Getting paid to socialise? Half of Brits admit to checking social media at work

social media work

Chief Executives are spending a third of their work time – worth £27,500 – scrolling through Facebook and their personal emails on their smartphones, according to a new study.

Smartphones are the fastest-selling gadget in history with around 2 billion people using them across the world each day. Smartphone addiction is a popular topic that ironically saturates the internet with articles and self-help guides to try and help people tackle their addiction. But how far does our addiction really go?

Researchers polled 2,000 working adults and found that during work hours, half of Brits touch their smartphone between 1-3 times every ten minutes, and 5 per cent reach for their devices over 10 times in a ten minute period.

Over a quarter of Brits admitted to spending between 2-3 minutes on their mobiles each time, with 5 per cent admitting they spend over 10 minutes browsing their device each time they check it.

The worst offenders, using their phones most often were Executives and Chief Executives. Amazingly, 11 per cent of Directors even admitted to using Tinder whilst at work, while 61 per cent of apprentices say they never use their phones during working hours.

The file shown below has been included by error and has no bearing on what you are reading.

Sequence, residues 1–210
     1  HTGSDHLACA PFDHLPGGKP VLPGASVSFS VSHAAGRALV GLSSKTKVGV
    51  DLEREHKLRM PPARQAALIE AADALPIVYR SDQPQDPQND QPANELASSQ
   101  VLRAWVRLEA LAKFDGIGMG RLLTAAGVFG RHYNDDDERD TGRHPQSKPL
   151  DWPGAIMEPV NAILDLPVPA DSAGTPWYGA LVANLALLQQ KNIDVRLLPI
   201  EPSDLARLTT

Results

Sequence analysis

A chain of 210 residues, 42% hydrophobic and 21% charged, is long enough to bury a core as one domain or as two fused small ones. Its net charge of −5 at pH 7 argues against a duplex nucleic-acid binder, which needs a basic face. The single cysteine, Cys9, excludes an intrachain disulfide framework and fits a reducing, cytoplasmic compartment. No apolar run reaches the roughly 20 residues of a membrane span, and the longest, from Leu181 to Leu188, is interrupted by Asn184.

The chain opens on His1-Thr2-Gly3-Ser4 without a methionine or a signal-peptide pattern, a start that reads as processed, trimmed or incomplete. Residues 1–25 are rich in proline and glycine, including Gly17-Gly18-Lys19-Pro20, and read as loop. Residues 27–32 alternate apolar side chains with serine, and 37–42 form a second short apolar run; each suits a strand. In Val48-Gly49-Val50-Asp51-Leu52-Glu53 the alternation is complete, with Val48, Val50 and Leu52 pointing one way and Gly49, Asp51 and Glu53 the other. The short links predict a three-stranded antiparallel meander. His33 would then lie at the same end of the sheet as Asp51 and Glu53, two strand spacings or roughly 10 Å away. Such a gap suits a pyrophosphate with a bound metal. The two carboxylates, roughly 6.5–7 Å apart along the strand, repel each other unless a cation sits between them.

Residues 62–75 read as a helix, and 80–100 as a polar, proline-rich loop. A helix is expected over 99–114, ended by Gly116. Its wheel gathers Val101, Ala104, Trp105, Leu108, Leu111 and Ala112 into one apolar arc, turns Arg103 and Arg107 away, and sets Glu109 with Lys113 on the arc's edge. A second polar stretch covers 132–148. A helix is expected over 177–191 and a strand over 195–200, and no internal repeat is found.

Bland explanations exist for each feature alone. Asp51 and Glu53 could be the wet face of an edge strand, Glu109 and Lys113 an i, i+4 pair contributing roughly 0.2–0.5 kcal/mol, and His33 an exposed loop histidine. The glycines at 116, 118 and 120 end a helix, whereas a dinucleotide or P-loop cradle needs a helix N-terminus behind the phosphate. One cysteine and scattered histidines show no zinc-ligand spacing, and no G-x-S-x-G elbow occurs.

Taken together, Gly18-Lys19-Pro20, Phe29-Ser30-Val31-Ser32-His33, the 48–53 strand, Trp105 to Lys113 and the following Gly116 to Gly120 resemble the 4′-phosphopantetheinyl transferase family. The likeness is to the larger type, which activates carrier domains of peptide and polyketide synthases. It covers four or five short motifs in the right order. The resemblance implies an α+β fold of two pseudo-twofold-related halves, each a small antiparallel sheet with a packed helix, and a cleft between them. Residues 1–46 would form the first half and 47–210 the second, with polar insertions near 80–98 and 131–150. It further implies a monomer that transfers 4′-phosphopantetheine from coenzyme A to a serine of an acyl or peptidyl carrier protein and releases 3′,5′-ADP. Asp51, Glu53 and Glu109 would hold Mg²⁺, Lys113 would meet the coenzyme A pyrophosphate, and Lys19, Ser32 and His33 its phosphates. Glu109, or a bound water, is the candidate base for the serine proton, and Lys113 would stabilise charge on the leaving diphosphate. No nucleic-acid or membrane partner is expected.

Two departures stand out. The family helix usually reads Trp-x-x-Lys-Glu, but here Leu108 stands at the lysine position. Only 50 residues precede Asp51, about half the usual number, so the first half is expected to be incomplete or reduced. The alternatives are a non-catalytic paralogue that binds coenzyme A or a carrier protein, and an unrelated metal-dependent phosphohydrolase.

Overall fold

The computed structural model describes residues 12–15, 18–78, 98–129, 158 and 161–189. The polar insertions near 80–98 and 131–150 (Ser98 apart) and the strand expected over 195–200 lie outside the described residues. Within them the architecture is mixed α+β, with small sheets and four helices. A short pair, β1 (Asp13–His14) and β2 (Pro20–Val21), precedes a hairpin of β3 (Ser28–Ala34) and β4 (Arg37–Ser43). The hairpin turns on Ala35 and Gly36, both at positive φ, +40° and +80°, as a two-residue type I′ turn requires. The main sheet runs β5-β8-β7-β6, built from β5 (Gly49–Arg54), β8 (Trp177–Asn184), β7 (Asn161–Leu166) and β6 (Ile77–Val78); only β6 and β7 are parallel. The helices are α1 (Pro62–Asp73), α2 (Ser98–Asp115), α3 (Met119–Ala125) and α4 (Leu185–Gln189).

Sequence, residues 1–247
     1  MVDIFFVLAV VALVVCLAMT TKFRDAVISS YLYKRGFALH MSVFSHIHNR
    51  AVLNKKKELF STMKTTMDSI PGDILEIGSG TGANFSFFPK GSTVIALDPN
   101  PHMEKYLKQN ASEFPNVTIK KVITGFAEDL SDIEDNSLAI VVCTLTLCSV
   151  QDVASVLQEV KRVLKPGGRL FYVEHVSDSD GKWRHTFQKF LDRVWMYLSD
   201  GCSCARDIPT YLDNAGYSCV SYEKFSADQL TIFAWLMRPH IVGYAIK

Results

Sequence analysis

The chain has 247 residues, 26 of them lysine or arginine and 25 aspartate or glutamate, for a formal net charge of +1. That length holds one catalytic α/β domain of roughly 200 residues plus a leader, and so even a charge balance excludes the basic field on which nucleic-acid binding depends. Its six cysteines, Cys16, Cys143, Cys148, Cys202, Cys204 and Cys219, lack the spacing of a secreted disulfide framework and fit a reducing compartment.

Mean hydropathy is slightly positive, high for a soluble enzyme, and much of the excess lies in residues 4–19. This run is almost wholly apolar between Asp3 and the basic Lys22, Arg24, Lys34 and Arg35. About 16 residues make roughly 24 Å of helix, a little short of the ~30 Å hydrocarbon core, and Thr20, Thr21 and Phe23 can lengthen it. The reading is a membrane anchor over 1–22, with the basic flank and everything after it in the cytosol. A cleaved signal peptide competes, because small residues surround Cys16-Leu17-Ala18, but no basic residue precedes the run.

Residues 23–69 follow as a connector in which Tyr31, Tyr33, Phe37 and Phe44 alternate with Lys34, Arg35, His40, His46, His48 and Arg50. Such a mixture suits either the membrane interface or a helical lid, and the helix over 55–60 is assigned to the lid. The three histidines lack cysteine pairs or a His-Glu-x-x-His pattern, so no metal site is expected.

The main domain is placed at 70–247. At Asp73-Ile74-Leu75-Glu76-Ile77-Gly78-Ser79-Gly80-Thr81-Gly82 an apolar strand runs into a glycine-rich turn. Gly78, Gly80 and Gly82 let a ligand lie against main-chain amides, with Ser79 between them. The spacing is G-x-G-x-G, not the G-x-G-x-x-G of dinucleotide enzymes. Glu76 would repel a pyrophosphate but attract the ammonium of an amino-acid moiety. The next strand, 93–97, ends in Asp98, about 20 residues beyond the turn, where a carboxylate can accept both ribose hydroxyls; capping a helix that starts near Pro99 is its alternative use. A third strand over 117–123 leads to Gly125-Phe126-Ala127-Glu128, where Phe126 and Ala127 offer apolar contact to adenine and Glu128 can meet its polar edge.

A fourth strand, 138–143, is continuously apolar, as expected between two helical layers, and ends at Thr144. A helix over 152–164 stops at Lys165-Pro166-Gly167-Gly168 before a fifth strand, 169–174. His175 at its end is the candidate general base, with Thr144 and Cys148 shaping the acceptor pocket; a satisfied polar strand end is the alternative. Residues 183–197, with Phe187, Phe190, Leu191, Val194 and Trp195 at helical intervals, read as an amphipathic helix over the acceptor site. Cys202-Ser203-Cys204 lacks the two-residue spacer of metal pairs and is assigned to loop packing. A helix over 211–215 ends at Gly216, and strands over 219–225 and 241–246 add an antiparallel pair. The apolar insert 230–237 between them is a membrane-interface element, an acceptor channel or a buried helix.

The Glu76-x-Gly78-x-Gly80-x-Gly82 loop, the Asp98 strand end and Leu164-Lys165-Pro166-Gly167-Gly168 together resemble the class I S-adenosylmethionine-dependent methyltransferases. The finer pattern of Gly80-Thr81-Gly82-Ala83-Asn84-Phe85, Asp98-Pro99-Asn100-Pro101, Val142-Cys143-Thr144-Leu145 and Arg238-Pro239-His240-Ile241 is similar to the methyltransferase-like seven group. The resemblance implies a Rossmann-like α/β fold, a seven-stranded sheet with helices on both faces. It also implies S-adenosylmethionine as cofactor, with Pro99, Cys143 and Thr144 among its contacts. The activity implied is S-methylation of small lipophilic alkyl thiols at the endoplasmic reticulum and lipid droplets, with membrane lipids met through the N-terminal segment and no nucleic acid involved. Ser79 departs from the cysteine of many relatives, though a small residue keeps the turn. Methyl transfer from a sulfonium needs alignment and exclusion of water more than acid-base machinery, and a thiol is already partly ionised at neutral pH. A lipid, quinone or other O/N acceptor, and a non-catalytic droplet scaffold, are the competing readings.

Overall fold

Chief Executives who use their phone up to three times in every 10 minute period for personal use, for one minute at a time are being paid £27,487.20 a year to socialise on their smartphone.

The apps that Brits can’t stay away from during working hours were personal emails, Facebook and Whatsapp.

But it’s not just social networks Brits are lusting after in the office, as 3 per cent of 25-34 year olds said they watch Netflix whilst at work and 4 per cent of those surveyed admitted to searching for love on Tinder at work.

Andy Cartledge, Mobile Expert at e2save, said: “Smartphones are an integral part of society these days. Not only do they make our lives more efficient, they help us stay connected to the world around us, so it’s no surprise that many Brits find it hard to disconnect and keep their smartphones out of their hands whilst at work.

“Individuals need to ensure they are balancing their smartphone usage with their work lives and not allowing themselves to be distracted from their duties at work.”

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